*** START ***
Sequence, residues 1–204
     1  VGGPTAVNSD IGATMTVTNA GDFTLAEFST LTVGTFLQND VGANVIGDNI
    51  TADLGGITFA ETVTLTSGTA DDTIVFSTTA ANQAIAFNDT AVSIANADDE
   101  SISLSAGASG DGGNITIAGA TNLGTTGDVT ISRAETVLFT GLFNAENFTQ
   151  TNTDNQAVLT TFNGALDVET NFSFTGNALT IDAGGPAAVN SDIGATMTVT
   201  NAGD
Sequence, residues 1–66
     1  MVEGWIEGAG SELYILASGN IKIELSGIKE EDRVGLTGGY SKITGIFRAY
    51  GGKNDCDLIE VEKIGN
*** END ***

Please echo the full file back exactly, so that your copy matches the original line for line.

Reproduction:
Sequence, residues 1–204
     1  VGGPTAVNSD IGATMTVTNA GDFTLAEFST LTVGTFLQND VGANVIGDNI
    51  TADLGGITFA ETVTLTSGTA DDTIVFSTTA ANQAIAFNDT AVSIANADDE
   101  SISLSAGASG DGGNITIAGA TNLGTTGDVT ISRAETVLFT GLFNAENFTQ
   151  TNTDNQAVLT TFNGALDVET NFSFTGNALT IDAGGPAAVN SDIGATMTVT
   201  NAGD
Sequence, residues 1–66
     1  MVEGWIEGAG SELYILASGN IKIELSGIKE EDRVGLTGGY SKITGIFRAY
    51  GGKNDCDLIE VEKIGN